Justin Holcomb, “Vast Learning, Ageless Wisdom,” The Gospel Coalition Blog (October 9, 2012)
Holcomb recently focuses on the life and times of Bavinck, including his “contributions to theology” and his “theological distinctives.” Below I include those distinctives:
Perhaps the greatest contribution of Bavinck’s theological work was his unflinching devotion to the authority and inspiration of Scripture, at a time when such views were unfashionable. Many theologians in Bavinck’s day sectioned off religious knowledge as a purely subjective matter not to be confused with the “hard facts” of science and other forms of genuine, objective human knowledge. Rather than let modern scholarship barrel over the truth of Scripture, Bavinck held that all theology and religious experience rests on the foundational truth of the Bible. He genuinely believed that the Bible could speak authoritatively to issues pressing on modern people.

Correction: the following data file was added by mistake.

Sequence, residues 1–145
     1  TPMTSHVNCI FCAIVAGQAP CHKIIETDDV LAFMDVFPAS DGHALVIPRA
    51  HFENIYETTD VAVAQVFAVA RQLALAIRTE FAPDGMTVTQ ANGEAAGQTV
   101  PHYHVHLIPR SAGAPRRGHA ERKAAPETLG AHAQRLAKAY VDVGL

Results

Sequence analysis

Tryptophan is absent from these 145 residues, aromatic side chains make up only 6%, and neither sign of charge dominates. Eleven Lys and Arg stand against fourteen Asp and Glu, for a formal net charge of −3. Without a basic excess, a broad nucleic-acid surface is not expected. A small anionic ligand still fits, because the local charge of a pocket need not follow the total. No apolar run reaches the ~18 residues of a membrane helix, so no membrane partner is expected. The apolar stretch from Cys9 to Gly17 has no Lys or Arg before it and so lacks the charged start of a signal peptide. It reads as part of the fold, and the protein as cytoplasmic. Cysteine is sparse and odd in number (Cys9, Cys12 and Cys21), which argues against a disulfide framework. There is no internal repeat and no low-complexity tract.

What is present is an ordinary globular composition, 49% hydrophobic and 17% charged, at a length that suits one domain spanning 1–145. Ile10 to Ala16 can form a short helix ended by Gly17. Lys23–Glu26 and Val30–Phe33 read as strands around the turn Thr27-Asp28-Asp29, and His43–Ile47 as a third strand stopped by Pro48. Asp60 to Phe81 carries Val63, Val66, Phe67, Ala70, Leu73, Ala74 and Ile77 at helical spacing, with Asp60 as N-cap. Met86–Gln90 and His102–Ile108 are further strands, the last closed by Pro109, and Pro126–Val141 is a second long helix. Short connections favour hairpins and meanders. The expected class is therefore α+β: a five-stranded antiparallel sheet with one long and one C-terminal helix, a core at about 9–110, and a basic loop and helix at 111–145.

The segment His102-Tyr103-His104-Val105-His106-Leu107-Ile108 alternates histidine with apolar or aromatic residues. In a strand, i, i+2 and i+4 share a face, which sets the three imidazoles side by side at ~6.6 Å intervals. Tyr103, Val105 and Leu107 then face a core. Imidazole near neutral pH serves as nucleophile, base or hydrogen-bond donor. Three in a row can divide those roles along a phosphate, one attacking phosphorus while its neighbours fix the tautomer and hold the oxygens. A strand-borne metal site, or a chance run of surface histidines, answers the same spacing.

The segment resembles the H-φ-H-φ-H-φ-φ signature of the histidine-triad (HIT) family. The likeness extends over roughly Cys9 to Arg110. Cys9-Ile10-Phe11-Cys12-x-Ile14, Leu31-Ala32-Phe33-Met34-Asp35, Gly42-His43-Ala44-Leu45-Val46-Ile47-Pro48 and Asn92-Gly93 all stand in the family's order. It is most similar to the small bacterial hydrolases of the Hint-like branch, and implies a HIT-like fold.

At the same time, Bavinck did not entirely reject the subjective elements of Christianity. He produced a theology that took seriously the objectivity of the Scriptures and the church’s confessions, as well as the subjectivity of Christian consciousness and religious experience. Bavinck allowed room for the Holy Spirit to work subjectively in the lives of believers without undermining the objective revelation found in Scripture.
In addition, Bavinck expressed a broad Reformed theology that emphasized the unity and beauty of the one church in Christ and aimed to heal the divisions that he saw dividing the fractured Reformed church in the Netherlands.
I have read some of Bavinck. Trueman and Holcomb are right. But it also raises an important question for us: Who are the theologians to whom you look as your example(s) and model(s)?